Effects of Vacuum Liquid Chromatography (Chloroform) Fraction of the Stem Bark of Alstonia boonei on Mitochondrial Membrane Permeability Transition Pore
Citation: Olanlokun OJ, Oyebode TO, Olorunsogo OO. Effects of Vacuum Liquid Chromatography (Chloroform) Fraction of the Stem Bark of Alstonia boonei on Mitochondrial Membrane Permeability Transition Pore. J Basic Clin Pharma 2017;8:221-225.
This open-access article is distributed under the terms of the Creative Commons Attribution Non-Commercial License (CC BY-NC) (http://creativecommons.org/licenses/by-nc/4.0/), which permits reuse, distribution and reproduction of the article, provided that the original work is properly cited and the reuse is restricted to noncommercial purposes. For commercial reuse, contact [email protected]
Background: The Mitochondrial Membrane Permeability Transition (MMPT) pore is an important target for the development of cytotoxic drugs because the release of cytochrome c and the irreversible opening of the pore is a point of no return for apoptosis to take place. A. boonei is a perennial plant that is quite ubiquitous in rain forest and sub-Saharan regions and it is used in folklore medicine as an anti-malarial decoction. Objective: To assess the effects of Vacuum Liquid Chromatography (VLC) chloroform (100%) fraction purified from the stem bark extract of A. boonei on MMPT pore of mitochondria isolated from livers of male rats in the presence and absence of added calcium ions. Materials and Methods: The in vitro effects of the VLC chloroform fraction on MMPT were assessed by monitoring the amplitude swelling spectrophotometrically as decreases in absorbance at 540 nm. Results: The MMPT pore was opened by six folds in the presence of calcium than in the absence of calcium. Spermine, a standard inhibitor of the pore almost completely reversed the effect of calcium thus indicating that the mitochondria were intact ab initio and suitable for use. Although calcium-induced pore opening was significantly inhibited by the VLC fraction in a concentration-dependent manner by 78.24, 88.55, 90.27 and 91.04% at 2.5, 5, 10 and 20 μg/ml, respectively, pre-incubation of mitochondria for 5, 10 and 15 minutes on ice and in the absence of calcium caused MMPT pore opening by two, five, and four folds, respectively, at 1.25 μg/ml and two, five and two folds, respectively at 2.5 μg/ml. Pre-incubation for these periods at 5 μg/ml caused the pore to open by two, seven and five folds, respectively, and four, eight and four folds at 10 μg/ml, respectively. Conclusion: These findings suggest that the bioactive agents in this fraction may find use in situations that require modulation of apoptosis.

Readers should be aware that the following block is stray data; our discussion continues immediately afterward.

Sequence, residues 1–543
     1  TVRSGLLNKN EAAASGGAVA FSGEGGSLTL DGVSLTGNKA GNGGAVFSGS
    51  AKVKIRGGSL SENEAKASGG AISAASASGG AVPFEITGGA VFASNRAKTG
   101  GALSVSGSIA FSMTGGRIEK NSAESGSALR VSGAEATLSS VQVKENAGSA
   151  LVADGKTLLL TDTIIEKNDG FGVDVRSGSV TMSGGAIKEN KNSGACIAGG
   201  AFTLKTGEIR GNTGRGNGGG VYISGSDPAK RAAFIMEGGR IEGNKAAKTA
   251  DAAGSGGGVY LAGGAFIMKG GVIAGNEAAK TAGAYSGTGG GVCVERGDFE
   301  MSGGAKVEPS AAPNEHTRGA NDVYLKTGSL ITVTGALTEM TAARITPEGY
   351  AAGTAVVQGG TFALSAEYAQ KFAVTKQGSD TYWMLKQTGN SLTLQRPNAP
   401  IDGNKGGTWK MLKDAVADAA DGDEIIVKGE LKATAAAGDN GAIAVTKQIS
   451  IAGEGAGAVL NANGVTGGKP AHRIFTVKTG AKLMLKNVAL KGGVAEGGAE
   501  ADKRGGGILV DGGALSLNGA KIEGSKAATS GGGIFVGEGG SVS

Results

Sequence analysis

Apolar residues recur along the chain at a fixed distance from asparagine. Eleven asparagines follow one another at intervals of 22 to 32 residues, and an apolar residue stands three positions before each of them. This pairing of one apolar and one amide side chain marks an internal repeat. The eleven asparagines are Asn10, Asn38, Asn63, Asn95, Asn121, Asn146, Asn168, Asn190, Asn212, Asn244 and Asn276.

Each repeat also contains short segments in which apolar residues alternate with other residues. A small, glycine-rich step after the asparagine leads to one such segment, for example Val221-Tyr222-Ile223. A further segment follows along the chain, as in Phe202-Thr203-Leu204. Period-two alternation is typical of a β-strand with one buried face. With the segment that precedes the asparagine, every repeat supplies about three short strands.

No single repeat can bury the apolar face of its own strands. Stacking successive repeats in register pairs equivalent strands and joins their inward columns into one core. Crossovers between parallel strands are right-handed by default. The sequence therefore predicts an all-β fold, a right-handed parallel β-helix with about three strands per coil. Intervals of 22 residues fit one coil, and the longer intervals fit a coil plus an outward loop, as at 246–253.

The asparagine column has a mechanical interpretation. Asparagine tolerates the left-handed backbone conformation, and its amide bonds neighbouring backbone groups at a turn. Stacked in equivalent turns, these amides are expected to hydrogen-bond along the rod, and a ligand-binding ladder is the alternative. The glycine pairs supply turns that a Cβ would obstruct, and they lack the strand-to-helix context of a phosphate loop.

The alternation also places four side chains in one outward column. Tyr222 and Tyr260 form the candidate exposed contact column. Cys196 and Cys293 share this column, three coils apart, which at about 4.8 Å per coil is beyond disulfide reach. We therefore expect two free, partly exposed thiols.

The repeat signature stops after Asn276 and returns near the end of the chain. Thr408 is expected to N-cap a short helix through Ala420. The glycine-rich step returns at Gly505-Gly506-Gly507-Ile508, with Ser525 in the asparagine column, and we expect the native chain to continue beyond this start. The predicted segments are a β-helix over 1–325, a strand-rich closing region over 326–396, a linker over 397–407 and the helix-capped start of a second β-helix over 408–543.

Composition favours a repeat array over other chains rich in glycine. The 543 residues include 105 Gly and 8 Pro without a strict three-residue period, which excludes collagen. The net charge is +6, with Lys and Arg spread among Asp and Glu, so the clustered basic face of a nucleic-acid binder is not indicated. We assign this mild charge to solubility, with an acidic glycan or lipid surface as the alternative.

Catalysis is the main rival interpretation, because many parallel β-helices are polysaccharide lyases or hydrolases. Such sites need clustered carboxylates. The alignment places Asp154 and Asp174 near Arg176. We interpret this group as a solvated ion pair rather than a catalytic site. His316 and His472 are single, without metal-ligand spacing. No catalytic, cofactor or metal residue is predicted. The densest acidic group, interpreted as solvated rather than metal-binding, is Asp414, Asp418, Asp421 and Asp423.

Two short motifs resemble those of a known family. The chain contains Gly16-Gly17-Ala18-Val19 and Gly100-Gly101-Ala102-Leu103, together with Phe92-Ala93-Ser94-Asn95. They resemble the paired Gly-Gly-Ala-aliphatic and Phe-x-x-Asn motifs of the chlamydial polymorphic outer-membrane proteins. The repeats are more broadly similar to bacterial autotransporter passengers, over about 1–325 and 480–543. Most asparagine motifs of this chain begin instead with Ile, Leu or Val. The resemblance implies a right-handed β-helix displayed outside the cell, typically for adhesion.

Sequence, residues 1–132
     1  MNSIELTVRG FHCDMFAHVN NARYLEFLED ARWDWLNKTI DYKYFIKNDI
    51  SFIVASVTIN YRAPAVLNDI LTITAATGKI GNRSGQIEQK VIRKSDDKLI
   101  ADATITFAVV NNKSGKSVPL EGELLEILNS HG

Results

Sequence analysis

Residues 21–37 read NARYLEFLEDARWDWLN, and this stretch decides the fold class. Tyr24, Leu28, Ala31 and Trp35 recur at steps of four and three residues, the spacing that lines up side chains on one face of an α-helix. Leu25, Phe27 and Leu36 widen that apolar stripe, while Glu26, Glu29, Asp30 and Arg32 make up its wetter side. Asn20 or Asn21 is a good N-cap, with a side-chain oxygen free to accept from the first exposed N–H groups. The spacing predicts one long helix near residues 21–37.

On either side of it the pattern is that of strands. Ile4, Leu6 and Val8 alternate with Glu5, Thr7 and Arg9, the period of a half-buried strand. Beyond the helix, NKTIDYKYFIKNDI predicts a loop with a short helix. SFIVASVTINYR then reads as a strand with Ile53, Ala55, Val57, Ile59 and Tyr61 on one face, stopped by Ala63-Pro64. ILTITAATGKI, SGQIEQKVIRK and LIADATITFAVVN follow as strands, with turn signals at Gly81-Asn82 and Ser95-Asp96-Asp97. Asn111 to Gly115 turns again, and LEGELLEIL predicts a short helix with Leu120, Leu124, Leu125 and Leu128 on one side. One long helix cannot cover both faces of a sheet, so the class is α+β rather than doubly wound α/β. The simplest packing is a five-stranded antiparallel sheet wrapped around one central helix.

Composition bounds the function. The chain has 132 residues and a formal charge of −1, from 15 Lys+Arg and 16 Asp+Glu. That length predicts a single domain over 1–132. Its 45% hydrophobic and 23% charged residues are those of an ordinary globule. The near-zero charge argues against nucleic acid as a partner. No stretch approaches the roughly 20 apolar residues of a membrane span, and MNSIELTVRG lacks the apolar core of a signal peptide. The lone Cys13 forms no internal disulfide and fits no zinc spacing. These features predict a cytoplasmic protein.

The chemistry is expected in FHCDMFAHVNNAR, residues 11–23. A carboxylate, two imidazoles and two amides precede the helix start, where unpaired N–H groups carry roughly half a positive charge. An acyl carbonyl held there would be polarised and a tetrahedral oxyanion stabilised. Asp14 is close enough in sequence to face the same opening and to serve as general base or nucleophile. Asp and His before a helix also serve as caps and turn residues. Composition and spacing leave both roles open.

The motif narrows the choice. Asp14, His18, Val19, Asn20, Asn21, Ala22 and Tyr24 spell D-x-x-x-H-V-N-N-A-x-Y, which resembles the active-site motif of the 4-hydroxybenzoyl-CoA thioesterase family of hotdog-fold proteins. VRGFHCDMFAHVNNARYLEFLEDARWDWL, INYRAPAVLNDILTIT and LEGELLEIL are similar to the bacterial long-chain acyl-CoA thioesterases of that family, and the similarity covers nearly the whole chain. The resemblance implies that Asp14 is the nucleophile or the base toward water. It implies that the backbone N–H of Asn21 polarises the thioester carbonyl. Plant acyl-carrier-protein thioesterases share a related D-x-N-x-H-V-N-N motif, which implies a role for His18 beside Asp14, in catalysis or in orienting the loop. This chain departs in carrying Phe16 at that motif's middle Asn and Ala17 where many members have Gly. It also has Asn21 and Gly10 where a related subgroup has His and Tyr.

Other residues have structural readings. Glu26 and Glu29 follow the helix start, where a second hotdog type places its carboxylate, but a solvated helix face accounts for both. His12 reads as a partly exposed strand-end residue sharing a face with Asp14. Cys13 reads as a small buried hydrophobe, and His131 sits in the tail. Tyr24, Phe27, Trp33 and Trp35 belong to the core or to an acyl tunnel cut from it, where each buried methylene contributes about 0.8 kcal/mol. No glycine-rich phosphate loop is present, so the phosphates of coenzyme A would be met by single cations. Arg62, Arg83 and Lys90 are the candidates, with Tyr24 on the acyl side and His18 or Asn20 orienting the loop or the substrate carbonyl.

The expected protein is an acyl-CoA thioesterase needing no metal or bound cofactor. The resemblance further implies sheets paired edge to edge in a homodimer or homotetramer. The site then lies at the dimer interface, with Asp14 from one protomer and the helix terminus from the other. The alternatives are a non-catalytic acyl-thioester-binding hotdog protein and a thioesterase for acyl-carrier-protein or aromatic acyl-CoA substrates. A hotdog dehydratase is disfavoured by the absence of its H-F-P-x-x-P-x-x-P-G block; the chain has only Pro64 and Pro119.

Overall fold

Alstonia boonei, apoptosis, calcium, chromatography, mitochondria, pre-incubation
Mitochondria play an important role in cell death because of its prominent feature in apoptotic signal transduction and amplification.[1,2] The complex role of mitochondria in apoptosis came into focus when biochemical studies identified several mitochondrial proteins that are able to activate cell death directly via mitochondrial-mediated pathway.  Prior to apoptosis, mitochondria suffer specific damages that result in release of cytochrome c, the sole water-soluble component of the electron transfer chain, and this can potentially halt the electron transfer leading to failure in maintaining the mitochondrial membrane potential that is needed in ATP synthesis. It has been established that once released, cytochrome c binds to apoptotic protease activator-1 (APAF-1) in the presence of ATP or dATP and forms a complex that activates pro-caspase-3 and -7.
In cell-free systems, it has been demonstrated that mitochondria are necessary components of the cytosolic fraction to produce apoptotic features. Loss of mitochondrial ATP synthesis has been reported in cells after growth-factor deprivation. In this apoptotic cells, cellular ATP content decreased when cytosolic ADP and intermembrane creatinine phosphate concentration increase. The MMPT is a phenomenon whereby the exquisitely controlled permeability of the inner membrane is disrupted and mitochondria become nonselectively permeable to solutes up to 1.5 kD.[8,9] Associated with this is the rapid equilibration of solutes across the mitochondrial membranes leading to depolarization of membrane potential, osmotic swelling, and release of potential apoptogenic actors including cytochrome c. Thus, the MMPT-induced loss of mitochondrial function, release of cytochrome c, and the resultant ROS generation account for cell death.